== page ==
Despite the recent shrieks of hysteria coming from the Democratic caucus in Congress, one of their most respected members says that the American-led Coalition has Iraq in “pretty good shape” and expects that troop drawdowns can begin late next year or early 2007 as long as progress continues. Senator Joe Lieberman took the opportunity to actually travel through Iraq, and his recommendation follows the administration’s plan to key troop withdrawals based on the buildup of the Iraqi army, and not on calendar due dates as suggested by Joe Biden last week:
Senator Lieberman of Connecticut, fresh from a two-day visit to Iraq over the Thanksgiving holiday, said yesterday he was hopeful American forces could begin a “significant” withdrawal by the end of next year or in 2007.
“The country is now in reach of going from Saddam Hussein to self-government and, I’d add, self-protection,” the Democrat said in a conference call with reporters. “That would be a remarkable transformation.” …
Mr. Lieberman has visited Iraq four times in 17 months. He said there are signs life is returning to normal, including a profusion of cell phones and satellite TV dishes on rooftops.
“About two-thirds of the country is in really pretty good shape,” he said, noting most attacks are in the so-called “Sunni Triangle” region. “Overall, I came back encouraged.”
That will come as quite a shock to the Chicken Little Democrats who spent most of November 18th predicting falling skies if Americans stayed in Iraq any longer. It also comes as a surprise to most of the American media, who failed to report the conference call to their readers. The New York Times and the Washington Post all skip over this story for their print editions today, although both the Times and the Post does have the AP wire story based on the NY Sun article in its web edition.
It also appears that they skipped over more good news about the status of the Iraqi army, coming from the CENTCOM spokesman in Washington. Since a Congressional briefing in September which analyzed almost three dozen Iraqi battalions as Level 2 — able to lead operations with only logistical support from Americans — that number has now increased by ten battalions, five more than just four weeks ago:
Lt. Col. Fred Wellman, a spokesman in Baghdad for the U.S. command that is responsible for the training and equipping of Iraqi security forces, said approximately 130 Iraqi army and special police battalions are fighting the insurgency, of which about 45 are rated as “in the lead,” with varying degrees of reliance on U.S. support.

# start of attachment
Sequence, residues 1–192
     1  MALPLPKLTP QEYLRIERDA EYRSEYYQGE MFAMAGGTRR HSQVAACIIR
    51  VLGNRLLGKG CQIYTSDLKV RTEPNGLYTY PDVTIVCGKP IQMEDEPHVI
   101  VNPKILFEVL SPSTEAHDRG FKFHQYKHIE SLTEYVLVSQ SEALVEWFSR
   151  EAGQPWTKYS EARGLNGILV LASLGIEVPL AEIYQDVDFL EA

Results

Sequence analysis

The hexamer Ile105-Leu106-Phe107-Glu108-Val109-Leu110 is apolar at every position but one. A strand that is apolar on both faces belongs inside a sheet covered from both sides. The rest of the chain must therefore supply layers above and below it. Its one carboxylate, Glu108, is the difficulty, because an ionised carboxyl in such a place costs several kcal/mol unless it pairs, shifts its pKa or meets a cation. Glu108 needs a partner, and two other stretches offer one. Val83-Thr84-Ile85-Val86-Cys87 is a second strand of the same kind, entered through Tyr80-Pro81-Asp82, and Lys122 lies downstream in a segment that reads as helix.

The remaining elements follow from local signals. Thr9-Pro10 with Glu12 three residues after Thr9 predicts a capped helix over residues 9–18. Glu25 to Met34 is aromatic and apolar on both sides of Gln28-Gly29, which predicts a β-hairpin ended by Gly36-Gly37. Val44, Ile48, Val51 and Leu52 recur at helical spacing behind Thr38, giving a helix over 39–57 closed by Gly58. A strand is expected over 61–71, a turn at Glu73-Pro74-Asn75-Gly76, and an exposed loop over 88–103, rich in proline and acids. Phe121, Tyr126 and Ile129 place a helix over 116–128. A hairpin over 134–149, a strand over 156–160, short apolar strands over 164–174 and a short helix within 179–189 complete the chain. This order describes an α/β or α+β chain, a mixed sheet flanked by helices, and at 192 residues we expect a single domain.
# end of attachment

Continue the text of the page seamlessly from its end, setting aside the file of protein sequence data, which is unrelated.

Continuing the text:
The exact numbers are classified as secret, but the 45 figure is about five higher than the number given on Nov. 7 at a briefing by Lt. Gen. David Petraeus, who previously led the training mission. It is about 10 higher than the figure Gen. Petraeus offered at a Pentagon briefing on Oct. 5.
As another measure of progress, Col. Wellman said about 33 Iraqi security battalions are now in charge of their own “battle space,” including parts of Baghdad. That figure was at 24 in late October. Col. Wellman said it stood at three in March.
Also, American forces have pulled out of 30 “forward operating bases” inside Iraq, of which 16 have been transferred to Iraqi security forces. The most recent and widely publicized was a large base near Tikrit, which U.S. forces had used as a division headquarters since shortly after the fall of Baghdad in April 2003.
This progress shows that the notion of only 1,000 Iraqi troops able to operate independently is malarkey, a deliberate misrepresentation by Joe Biden. No matter how much we may draw down forces in Iraq, we intend to stick around the area to offer logistical support, just the same as we do with our NATO allies. The measure of the training in Iraq — in which we have built the army from the ground up — is to have them capable of taking command of territory, holding it, and enforcing the constitutional law set by civilian authority. The “clear-hold-build” strategy for places like Ramadi and Falluja has shown increasing success in denying territory for insurgents, turning them into rootless bands of terrorists rather than any real security threat.
This process dictates the troop reductions we want to see from Iraq, reductions that will allow us the flexibility to redeploy to other hot spots of terrorist activity as we find them. Calendar-based commitments for withdrawal as demanded by the Democrats last week and the week before focus on politics rather than ensuring successful missions; this approach puts the mission first, and the data shows that the mission has become increasingly successful.